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Coding in the cot? Factors influencing 0-17s’ experiences with technology and coding in the United Kingdom

Gerson, Sarah, Morey, Richard and van Schaik, Johanna 2021. Coding in the cot? Factors influencing 0-17s’ experiences with technology and coding in the United Kingdom. Computers and Education 178 , 104400. 10.1016/j.compedu.2021.104400

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Abstract

In the modern world, digital technology is all around us and our ability to engage with it efficiently and productively has implications for our success as individuals and as a society. The idea that children should hone their digital literacy skills through formal schooling has been recognized by educators and policy makers alike. Before children enter schooling, however, there are now an increasing number of ways for children to begin to learn about computers, robots, and coding. In this research, we present a survey of 729 UK parents (approximately 56% Welsh) of children between 0 and 17 years and asked them to report on whether they and their child had experience with different kinds of digital technology, with a particular emphasis on computer coding. We found that children are outpacing their parents in terms of coding experience before they even turn eight-years-old. Children are generally engaged with digital technology and coding earlier than their parents were as children (e.g., over 70% of two-year-olds use smart devices; nearly 40% of 7-year-olds have experience coding). Logistic regression analyses indicate that boys are significantly more likely to have experience coding than girls and children with parents who have experience coding are significantly more likely to have experience coding themselves. Parents who placed a relatively higher value on STEM education were also more likely to report that their children had experience coding. These findings align with literature on science capital suggesting that there are societal discrepancies in children’s exposure to and experiences in STEM subjects. We also found that children with reported experience coding are also reported to show more interest in coding and robotics. This makes the fact that we find differences in exposure to coding prior to formal schooling even more problematic, as the discrepancies seen in early childhood may build up in later years in terms of motivation, engagement, and interest. Taken together, the current research shines light on the positive finding that young children are engaging with coding at early ages, but it also identifies potential problem areas regarding the breadth of exposure and experience. It highlights the need to ensure that the divide between those with and without science capital does not widen, allowing all children the freedom to obtain digital literacy that will help foster a more advanced future.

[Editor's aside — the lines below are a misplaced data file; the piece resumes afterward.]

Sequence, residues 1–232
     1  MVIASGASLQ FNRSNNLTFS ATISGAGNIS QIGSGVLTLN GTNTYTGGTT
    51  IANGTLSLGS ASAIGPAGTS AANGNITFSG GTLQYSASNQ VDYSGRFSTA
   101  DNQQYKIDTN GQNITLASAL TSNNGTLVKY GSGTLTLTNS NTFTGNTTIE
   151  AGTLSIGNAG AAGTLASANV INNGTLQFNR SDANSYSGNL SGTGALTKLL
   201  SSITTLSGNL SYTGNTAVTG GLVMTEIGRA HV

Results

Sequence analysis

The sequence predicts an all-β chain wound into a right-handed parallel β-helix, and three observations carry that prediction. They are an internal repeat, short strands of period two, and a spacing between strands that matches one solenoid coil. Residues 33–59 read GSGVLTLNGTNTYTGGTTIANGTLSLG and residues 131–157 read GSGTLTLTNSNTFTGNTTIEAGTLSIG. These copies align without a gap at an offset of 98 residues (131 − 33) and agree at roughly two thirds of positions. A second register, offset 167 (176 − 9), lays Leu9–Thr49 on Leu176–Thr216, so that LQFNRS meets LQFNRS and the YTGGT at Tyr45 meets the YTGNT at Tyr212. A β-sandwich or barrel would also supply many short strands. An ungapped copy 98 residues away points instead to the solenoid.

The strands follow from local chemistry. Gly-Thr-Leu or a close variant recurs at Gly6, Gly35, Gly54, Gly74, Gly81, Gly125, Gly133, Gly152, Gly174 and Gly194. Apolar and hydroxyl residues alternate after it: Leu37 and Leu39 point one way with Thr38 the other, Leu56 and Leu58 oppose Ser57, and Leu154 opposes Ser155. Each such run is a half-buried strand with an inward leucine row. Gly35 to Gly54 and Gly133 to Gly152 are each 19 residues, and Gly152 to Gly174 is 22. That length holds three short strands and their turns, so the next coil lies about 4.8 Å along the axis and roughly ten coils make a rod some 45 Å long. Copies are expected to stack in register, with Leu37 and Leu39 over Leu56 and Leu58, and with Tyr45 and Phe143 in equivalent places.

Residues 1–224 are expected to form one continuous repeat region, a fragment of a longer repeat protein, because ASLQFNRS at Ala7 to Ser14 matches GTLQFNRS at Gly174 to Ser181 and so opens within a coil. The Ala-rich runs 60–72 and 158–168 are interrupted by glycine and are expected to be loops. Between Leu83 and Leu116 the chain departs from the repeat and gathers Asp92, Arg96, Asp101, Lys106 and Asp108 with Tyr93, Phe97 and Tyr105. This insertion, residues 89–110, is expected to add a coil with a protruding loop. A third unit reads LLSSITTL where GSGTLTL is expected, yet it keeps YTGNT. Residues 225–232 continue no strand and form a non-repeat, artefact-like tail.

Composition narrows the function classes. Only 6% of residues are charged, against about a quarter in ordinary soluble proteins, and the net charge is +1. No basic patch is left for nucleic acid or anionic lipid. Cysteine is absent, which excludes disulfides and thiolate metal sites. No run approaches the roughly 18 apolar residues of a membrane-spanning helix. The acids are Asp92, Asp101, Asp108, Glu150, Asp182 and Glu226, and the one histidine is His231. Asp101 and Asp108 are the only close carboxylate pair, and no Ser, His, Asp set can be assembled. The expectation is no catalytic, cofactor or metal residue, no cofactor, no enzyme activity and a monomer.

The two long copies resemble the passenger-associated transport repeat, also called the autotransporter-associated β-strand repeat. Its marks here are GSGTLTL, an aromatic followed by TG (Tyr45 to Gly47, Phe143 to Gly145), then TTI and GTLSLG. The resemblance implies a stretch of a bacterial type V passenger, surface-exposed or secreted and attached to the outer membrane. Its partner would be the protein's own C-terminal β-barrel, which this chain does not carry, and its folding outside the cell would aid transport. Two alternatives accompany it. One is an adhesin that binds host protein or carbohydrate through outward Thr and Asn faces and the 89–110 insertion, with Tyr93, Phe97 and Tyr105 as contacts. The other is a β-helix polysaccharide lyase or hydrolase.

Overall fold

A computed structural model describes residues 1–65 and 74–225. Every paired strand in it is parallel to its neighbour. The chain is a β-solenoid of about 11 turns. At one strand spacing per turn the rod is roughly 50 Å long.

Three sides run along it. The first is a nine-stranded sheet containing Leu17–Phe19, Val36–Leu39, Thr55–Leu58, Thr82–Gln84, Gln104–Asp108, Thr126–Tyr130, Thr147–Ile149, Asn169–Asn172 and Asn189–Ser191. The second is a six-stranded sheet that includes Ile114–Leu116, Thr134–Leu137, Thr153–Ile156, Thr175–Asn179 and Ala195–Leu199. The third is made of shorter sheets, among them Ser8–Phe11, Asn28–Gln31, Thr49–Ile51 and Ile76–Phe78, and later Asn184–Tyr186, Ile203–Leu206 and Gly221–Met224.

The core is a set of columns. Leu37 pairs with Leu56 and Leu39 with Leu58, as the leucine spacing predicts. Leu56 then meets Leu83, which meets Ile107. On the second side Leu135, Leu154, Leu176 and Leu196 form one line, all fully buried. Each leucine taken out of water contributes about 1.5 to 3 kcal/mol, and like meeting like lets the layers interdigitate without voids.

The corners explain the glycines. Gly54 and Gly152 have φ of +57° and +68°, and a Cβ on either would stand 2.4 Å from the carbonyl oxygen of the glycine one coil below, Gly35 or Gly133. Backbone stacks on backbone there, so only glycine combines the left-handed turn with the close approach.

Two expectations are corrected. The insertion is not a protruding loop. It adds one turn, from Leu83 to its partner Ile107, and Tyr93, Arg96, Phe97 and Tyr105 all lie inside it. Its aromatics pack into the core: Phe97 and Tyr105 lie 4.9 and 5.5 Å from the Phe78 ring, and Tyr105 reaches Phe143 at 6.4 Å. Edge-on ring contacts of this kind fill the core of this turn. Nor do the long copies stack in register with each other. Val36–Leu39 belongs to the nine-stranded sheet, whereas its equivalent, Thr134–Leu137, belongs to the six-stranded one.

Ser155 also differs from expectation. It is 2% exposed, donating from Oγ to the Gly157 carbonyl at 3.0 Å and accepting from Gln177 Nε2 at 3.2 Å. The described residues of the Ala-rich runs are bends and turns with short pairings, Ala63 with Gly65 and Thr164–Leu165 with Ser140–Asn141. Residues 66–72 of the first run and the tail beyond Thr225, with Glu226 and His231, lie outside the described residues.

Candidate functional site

Item Type: Article
Date Type: Publication
Status: Published
Schools: Psychology
Cardiff University Centre for Human Development Science (CHDS)
Additional Information: This is an open access article under the CC BY-NC-ND license (http://creativecommons.org/licenses/by-nc-nd/4.0/).
Publisher: Elsevier
ISSN: 0360-1315
Date of First Compliant Deposit: 13 December 2021
Date of Acceptance: 5 December 2021
Last Modified: 16 Dec 2021 15:02
URI: https://orca.cardiff.ac.uk/id/eprint/145964

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